The 200 Project S1:E4 | What Are Your Three Things?

Pursuing your passions means finding a way to balance and prioritize.

I learned this rule in college: At any given time you can juggle three things — outside of work — and still commit enough time and effort to each.

You can pick a sport, learn to play an instrument, and have a dog. But you cannot start writing a book at the same time. Try to add a fourth and you can no longer invest the time to get a proper return on your investment. You’ll be spread to thin, stressed out and unable properly commit your time to accomplishing your goal.

How does this work?

There are 168 hours in a week. Of those 168 hours, I spend approximately 45 hours working and — if I am lucky — 49 hours asleep. On paper, that leaves 74 hours to commit to other areas in my life.

But thats not really how things go.

Let’s break it down into the normal work week:

I wake up at 5 a.m. and I am at the office by 6:30 a.m. If I am having a good day, I am home and starting my run by 5 p.m. I finish my run around 6p.m. and now I need to make dinner, prepare breakfast for the next day, shower, and iron my work clothes. By the time this is done, it is normally 7:30 p.m. If I am going to have a shot at 7 hours of sleep, that gives me 2.5 hours each day for relaxing and or pursuing another hobby.

Balance is difficult and a large portion of the week is spent before I notice it’s gone.

One little shift in my day, such as staying late to brief my boss, and I am now off schedule and something I enjoy is not getting done.

This is why weekends — with more time and fewer variables — are where the key workouts come in. Saturday, I am normally up at 4 a.m. and on the way to the mountains. After a 2.5-hour car ride, I run for six or so hours. Sunday, I sleep in and then find another 15-20 miles.

How do I juggle this kind of schedule? Set priorities and focus on my three things.

First you need to know which priorities are non-negotiable items. These include your family and work commitments. Neglecting these responsibilities is not acceptable even when training for a race.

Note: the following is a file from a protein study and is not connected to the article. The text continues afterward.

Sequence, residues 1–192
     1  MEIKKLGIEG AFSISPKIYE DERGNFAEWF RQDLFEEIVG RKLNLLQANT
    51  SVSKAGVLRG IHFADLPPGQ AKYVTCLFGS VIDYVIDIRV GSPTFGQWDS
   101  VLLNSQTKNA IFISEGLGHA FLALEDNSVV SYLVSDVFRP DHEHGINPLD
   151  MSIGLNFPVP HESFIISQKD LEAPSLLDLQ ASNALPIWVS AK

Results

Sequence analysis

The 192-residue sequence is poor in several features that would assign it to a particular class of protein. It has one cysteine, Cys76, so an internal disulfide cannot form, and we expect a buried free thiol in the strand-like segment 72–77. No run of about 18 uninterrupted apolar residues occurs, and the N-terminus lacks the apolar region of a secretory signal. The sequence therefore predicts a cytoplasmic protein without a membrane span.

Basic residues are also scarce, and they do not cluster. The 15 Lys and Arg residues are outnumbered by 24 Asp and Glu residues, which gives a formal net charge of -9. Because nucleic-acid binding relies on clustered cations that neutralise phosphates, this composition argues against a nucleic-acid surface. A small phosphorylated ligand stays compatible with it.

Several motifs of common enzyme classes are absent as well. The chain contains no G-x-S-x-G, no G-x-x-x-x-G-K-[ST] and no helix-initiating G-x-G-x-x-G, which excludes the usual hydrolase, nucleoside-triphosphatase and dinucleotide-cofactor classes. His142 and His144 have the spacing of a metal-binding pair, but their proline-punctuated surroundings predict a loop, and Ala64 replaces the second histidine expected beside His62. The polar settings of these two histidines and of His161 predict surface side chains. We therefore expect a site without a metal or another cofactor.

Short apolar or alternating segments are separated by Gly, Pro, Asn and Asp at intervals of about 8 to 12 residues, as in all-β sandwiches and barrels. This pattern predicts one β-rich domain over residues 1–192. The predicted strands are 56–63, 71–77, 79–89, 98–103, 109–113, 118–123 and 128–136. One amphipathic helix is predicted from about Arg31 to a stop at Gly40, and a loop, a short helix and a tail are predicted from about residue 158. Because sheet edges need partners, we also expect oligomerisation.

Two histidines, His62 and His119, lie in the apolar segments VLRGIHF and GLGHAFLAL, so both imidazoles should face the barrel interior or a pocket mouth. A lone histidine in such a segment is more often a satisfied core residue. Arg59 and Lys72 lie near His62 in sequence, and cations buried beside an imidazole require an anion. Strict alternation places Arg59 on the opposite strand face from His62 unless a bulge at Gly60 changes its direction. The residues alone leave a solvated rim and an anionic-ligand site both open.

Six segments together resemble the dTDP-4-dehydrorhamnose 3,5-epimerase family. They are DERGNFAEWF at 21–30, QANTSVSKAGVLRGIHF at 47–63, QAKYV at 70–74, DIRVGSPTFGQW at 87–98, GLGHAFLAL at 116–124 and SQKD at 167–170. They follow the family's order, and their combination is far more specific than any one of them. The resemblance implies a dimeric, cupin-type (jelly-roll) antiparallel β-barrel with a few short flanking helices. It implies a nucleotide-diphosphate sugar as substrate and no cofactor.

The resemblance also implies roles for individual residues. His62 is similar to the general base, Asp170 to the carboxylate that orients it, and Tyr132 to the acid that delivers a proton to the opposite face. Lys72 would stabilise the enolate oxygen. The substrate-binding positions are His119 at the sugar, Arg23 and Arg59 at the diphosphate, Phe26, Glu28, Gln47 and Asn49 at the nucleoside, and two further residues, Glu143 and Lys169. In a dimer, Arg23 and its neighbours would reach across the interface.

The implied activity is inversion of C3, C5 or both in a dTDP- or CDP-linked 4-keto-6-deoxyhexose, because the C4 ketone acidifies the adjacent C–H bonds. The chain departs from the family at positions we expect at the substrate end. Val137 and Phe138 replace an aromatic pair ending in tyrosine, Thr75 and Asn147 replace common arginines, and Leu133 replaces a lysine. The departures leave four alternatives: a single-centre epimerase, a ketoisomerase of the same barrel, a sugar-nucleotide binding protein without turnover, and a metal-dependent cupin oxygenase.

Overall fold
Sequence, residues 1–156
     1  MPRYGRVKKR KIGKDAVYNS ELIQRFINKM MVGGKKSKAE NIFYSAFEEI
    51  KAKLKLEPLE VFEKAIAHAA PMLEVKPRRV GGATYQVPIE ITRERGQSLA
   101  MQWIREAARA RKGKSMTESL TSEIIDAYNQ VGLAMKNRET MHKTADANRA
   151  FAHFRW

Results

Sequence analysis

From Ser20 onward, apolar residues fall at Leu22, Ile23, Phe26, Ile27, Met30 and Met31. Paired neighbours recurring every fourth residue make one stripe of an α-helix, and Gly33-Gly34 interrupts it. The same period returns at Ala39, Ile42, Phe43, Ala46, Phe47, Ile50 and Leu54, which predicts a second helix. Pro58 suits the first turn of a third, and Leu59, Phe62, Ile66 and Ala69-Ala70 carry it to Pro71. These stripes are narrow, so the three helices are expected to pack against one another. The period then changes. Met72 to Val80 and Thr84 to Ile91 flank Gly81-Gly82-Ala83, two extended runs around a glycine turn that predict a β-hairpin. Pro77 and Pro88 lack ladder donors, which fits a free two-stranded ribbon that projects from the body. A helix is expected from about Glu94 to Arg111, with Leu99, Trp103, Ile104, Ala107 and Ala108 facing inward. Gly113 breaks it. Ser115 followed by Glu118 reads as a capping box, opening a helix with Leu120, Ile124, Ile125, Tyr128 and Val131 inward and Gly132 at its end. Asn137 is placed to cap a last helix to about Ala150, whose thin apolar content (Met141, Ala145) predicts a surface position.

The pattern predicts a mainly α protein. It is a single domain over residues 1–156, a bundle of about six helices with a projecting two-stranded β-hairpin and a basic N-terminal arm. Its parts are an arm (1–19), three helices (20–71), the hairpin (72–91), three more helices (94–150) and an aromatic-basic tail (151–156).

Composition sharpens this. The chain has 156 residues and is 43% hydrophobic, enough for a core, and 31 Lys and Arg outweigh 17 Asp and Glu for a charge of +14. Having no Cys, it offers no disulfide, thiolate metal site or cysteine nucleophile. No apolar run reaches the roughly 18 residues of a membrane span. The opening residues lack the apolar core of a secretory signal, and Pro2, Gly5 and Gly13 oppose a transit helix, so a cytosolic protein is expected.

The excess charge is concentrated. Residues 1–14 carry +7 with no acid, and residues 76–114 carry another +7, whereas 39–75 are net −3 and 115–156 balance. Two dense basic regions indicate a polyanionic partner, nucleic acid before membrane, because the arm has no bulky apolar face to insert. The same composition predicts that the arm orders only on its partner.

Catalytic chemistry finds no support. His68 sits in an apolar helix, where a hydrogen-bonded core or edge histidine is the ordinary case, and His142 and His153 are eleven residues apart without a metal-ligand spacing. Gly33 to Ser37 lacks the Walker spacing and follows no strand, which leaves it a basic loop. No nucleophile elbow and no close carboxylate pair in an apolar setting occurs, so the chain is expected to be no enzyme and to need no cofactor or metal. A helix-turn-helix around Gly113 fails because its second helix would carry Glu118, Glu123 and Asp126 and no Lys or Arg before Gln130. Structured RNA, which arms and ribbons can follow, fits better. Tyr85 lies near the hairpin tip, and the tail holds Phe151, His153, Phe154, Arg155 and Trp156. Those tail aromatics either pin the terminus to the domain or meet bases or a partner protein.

I am fortunate in that I am dating another ultrarunner. Sara and I get to spend a large amount of quality time together on trail and we understand each other’s training commitments.

Editor’s Note: Dating your training partner combines two of the three things. Consider it efficient (and fun) multitasking. 

If you are going to be successful in reaching your running goal, training can’t be negotiable either. It should not be if you will run today, but when.

In order to meet family and work commitments, this might mean a 3 a.m. Saturday wake-up to get in miles. In other words, you need to prioritize your three items in order of importance as well.

Then there are your other hobbies. Schedule time for these. And I mean that literally.

It is important you find time to do something for yourself other than training. Create a “meeting” in your calendar app so you can write, vegetate on the couch with a comic, or pull out your guitar and run scales. Schedule it and make it happen.

Also, understand you just don’t have time for some things and be ok with that.

Some goals need to go on the back burner until you have more time. Keep a list of things you want to do outside of running, and schedule them for after your next big race and work on it while you are recovering. Know what that fourth thing would be and — when time allows — rotate it into the mix.

Training for a 200-mile race is a huge time commitment. It is forcing me to listen to my body and understand when I am over committing. Part of this training is finding a balance between doing too much and feeling underprepared.

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